Iver Huitfeldt’s design inherited from the experience gained on the absalon-class support ships
Current fleets are facing air and sea threats with entirely new forms that will impact the naval doctrine of combat for years or even decades to come. These threats include not only supersonic or subsonic anti-ship missiles from any vehicle, but also from asymmetric vehicles such as high speed boats. Threats from this type of vehicle become even more dangerous when operating in coastal areas by the enemy launching massive “bee-style” attacks. Moreover, there are also the threats of attack aircraft, helicopters and even unmanned airborn vehicle.
If you’ve ever wondered why frigates often cause disappointment, you need to recognize what Denmark can do. The small European nation has successfully developed a multitasking frigate class, similar to those designed by the US, but with more firepower.
The Denmark’s Iver Huitfeldt-class guided missile frigate is versatile warships classified as the most powerful in the world. This class consisted of three ships, the Iver Huitfeldt with the F361 hull as the leading ship, which was officially commissioned in the Danish Navy in January 2011; the other two ships are Peter Willemoes and Niels Juel.
Iver Huitfeldt’s design inherited from the experience gained on the absalon-class support ships. The reuse of the basic hull design of the absalon class made the Royal Danish Navy able to make the Iver Huitfeldt class significantly cheaper than comparable ships. While the absalon-class ships were primarily designed for command and support, Iver Huitfeldt was born as the main role of air defense with Standard Missiles and the potential to use Tomahawk cruise missiles, a first for the Danish Navy.
Formally, Iver Huitfeldt shares up to 80% with absalon class ships. She has the design of modern ships, seven-deck monohull design with 15 parts watertight. The elongated shape with beveled structure helps reduce the ship’s radar signature, increasing the stealth feature. She is also designed to reduce infrared radiation, underwater noise and magnetic signature.
The superstructure is divided into two parts, the front and the rear, between the two parts is a chimney containing the shrouded smoke funnels. The chimney’s design to prevent excessive steam impact of SMART-L radar. On top of the superstructure is the main mast in the shape of a pyramid, which houses the ship’s four main radar antennas.
Along the rear architectural area are auxiliary gates for inflatable boat or rescue operations. Two naval guns were staggered, one on the deck near the bow of the ship, the other positioned higher, in the middle of the superstructure, giving it an overview of the threats around.
Iver Huitfeldt’s overall dimensions include a length of 138.7m (455 ft), a beam of 19.75m (64.79 ft) and a draft of 5.3m (17.39 ft), her full loaded displacement is 6,645 tons, which is quite bulky compared to other frigates.
All the zones are equipped with separate filters to protect the crew against chemical, radioactive or biological weapon attacks and airlocks are provided between them.
Iver Huitfeldt uses a combined diesel and diesel propulsion system, four MTU 8000 20V M70 diesel engines drive two shafts, providing 8,2 MegaWatts each. The warship can reach a maximum speed of 30 knots, the range of which can reach 9,300 nautical miles at 18 knots and her crew complement numbers 165.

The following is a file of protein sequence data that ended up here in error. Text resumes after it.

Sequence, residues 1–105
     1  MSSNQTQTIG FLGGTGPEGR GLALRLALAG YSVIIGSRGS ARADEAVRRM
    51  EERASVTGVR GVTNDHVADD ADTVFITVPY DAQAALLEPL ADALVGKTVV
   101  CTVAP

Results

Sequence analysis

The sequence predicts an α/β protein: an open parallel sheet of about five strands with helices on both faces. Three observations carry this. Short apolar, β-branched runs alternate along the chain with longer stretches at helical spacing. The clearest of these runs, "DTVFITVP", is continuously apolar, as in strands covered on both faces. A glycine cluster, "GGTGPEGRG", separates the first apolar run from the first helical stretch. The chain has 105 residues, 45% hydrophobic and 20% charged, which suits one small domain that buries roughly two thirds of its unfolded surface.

Sensor and Electronic systems
The ship’s main radar is Thales Nederland APAR air and surface search, operating on I band. It provides 360° target detection, tracking and engagement. Up to 32 missiles can be guided in flight simultaneously, including 16 missiles in terminal stage.
There is also the Thales SMART-L long-range air and surface surveillance radar. It can detect and track ballistic missiles at a range of more than 400 km. It is capable of tracking 1,500 targets simultaneously and provides early warning. Iver Huitfeldt’s radar complex is said to be slightly more capable than the Spanish Aegis system of the Spanish Alvaro de Bazan class frigates.
For surveillance and helicopter guidance, Iver Huitfeldt uses a Terma SCANTER 6000 radar. Other subsystems include ATLAS ASO 94 hull-mounted sonar, Saab CEROS 200 fire control radars, and EDO 3701 Tactical Radar Electronic Support Measures.
The frigate is fitted with 12-barrelled Terma DL-12T 130mm decoy launchers, this is a modern decoy-launching system that can fire SeaGnat decoys. The Terma launcher provides 360° coverage against incoming anti-ship missiles.
Iver Huitfeldt’s main air defense weapon is the four Mk.41 Vertical Launch System with up to 32 SM-2 IIIA surface-to-air missiles. There are also two Mk 56 Vertical Launch System with up to 24 RIM-162 Evolved SeaSparrow Missile. The Iver Huitfeldt has a modular mission payload system, this frigate has slots for six modules.
So it can accommodate either additional Evolved SeaSparrow Missile or Harpoon anti-ship missiles. The vessel can be equipped with 8 to 16 Harpoon block II anti-ship missile system and two dual MU90 Impact anti-submarine warfare torpedo launchers. Also these frigates have potential to be equipped with Tomahawk cruise missiles. The frigate’s main gun is an Oto Melara 76mm Super Rapid gun.
The Oerlikon Millennium 35mm naval gun system onboard provides close-in air defence, which has a rate of fire of 1,000 rpm and uses special air-burst ammunition to destroy incoming missiles. A 12.7mm machine gun is also available aboard the ship.
This frigate has a hangar and can accommodate NFH 90, Westland Lynx Mk.90B, or similar helicopter, which provides additional anti-submarine warfare capability. Recently Danish Navy ordered Sikorsky MH-60R Seahawk anti-submarine helicopters.
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